Ed McKeever, Olympic Champion

So much for Gamesmaker impartiality – after confirming the result I rushed out of the finish tower into the arms of colleagues and proceeded to jump up and down in a very childish manner but such was the occasion, it called for the childish expression of pure delight. I bear-hugged a man next to me – a high ranking officer in Thames Valley Police, and on another day, bodily assault could have been written on the charge sheet. But no-one cared.  At the medal ceremony  shutters snapped repetitiously and the TV feed rolled as the images syndicated to over 4 billion people worldwide confirmed that McKeever was the ‘boss’ of London. By the time the final race of the day and the Canoe Sprint event took to the starting line (MK2) with Liam Heath and Jon Schofield, the bubbly was in the chiller. Just nudged out of the silver medal position, but taking bronze, the Brits had put the icing on a cake made for Britain and the British.

The venue closed two hours later and some time after that, the volunteers and staff met on the forecourt of the by now, deserted boathouse to toast six great days of competition. We were all proud of what we had the privilege to see and be part of – we were all London’s pride in celebration.

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GB canoe sprinters continue ‘love-in’ with 200 metres.

Good news is ringing out for Britain from the Canoe Sprint World Cup regatta in Germany this weekend. Ed McKeever, our nation’s prolific gold medal winner over 200ms, is looking very comfortable on the top step of that presentation podium.

Ed McKeever took gold in K1 200m in World cup regatta last weekend

It’s not the fact that he won again today, but the nature of the win – almost 0.5 second ahead of popular Ecuadorian, Cesar de Cesare – that grabs the attention and which will have canoeing fans screaming in their dreams with excitement and anticipation of this same event which will take place in the Olympic Games on 11 August.

His success was backed up by another improved performance from the K2 of Liam Heath and Jon Schofield  (below) who took the silver medal.  Recently dubbed the seemly ‘perennial bridesmaids’ to the French pair of Hybois & Jouve,  the GB  pair surpassed then this time around.  GB is in ‘a good place’ said coach Alex Nikonorov but he will have duly taken notice of the Russian machine, in the form of  the powerful units of Postrygay and Dyachenko who took the gold medal and in so doing,  surpassed the Brits by the same margin as McKeever, to win gold.  ‘Beware of the Russians’ is a warning well heeded.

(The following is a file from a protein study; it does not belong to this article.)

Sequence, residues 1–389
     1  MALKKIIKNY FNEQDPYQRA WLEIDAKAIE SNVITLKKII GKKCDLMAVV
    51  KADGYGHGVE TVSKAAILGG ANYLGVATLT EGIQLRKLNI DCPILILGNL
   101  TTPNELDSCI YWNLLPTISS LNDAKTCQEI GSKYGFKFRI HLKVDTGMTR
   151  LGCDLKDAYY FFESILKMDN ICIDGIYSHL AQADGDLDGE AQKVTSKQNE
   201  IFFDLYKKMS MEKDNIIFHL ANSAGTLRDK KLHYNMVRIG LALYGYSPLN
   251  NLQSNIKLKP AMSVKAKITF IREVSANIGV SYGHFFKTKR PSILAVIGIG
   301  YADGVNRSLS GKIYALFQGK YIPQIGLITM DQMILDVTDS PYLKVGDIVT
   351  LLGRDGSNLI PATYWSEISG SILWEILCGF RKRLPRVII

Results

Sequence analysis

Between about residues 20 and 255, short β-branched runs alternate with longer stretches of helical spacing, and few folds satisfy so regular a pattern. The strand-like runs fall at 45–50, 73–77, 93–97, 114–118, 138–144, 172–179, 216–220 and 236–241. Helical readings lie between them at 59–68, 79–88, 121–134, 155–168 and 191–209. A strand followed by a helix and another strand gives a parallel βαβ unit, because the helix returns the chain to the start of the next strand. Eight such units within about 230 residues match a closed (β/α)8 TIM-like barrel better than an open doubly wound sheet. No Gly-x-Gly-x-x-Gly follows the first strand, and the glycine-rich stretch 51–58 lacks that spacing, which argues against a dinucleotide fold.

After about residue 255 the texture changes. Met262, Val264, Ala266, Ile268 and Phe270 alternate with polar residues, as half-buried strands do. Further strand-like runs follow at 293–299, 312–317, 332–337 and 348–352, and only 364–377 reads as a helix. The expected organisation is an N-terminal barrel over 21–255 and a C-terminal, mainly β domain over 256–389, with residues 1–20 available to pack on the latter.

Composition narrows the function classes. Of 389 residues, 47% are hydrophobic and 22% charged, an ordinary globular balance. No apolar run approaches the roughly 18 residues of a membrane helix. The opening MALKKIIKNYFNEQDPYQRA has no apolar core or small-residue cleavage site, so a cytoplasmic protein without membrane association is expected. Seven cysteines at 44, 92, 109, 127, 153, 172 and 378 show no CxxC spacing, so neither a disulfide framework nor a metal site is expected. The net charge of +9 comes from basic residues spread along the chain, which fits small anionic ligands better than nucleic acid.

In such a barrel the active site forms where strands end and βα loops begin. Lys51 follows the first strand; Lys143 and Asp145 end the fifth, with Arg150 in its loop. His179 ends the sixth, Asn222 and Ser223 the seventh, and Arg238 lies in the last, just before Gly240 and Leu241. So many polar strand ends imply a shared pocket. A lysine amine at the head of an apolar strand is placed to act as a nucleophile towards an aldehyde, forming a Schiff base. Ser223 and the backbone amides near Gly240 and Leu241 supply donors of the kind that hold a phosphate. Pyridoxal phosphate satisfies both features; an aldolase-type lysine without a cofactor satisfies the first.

Liam Heath and Jon Schofield took silver in MK2 200m.

Satisfactory Sunday
While Saturday brought gnawed fingernails for the women’s coaching staff – Rachel Cawthorn found herself in the unnatural habitat of the WK1 500m ‘C’ final and the Womens K4 finished in 5th place – Sunday was a much better day on the water for the whole team.  
Jess Walker won her K1 200m B final in a time that would have placed her third in the A final. Richard Jefferies, in a start line stuffed with stars including an Olympic champion (though be it in the 1000m distance) tied for third place in a time of 40.9 seconds. He has certainly put his hand up and said, ‘Pick me’.

Riddles resolved
As World cup 2 draws to an end, selection riddles have been solved.

Tim Brabants shall go to the Games – his fourth (subject to his nomination by GB canoeing to the British Olympic Association) – to race the K1 1000m. The soon-to-be father of two, commented ‘I’m just relieved that this part of the process is over. It’s time to get my head down and train hard for the Games, if I want to win the gold medal’.  His aim is very clear and there is work to do to catch the likes of Adam Van Koeverden (CAN) the world champion and Aleh Yurenia (BLR) , the winner this weekend.

The deciding factor was a semi-final on Friday where Brabants and Paul Wycherley went head to head with Brabants taking the win 2.6 seconds ahead of the Guildford man. While some, who do not know Paul, might have expected churlishness, Wycherley was a model professional, stepping up to win his B final on Saturday morning. Clearly disappointed as any mortal would be, Wycherley, the man, has impressed with the way he’s conducted himself and has shown that he is closing the gap on the rest of the world. Giving the likes of Brabants and Veraas Larsen 10 years and Van Koeverdan 4, time is on his side.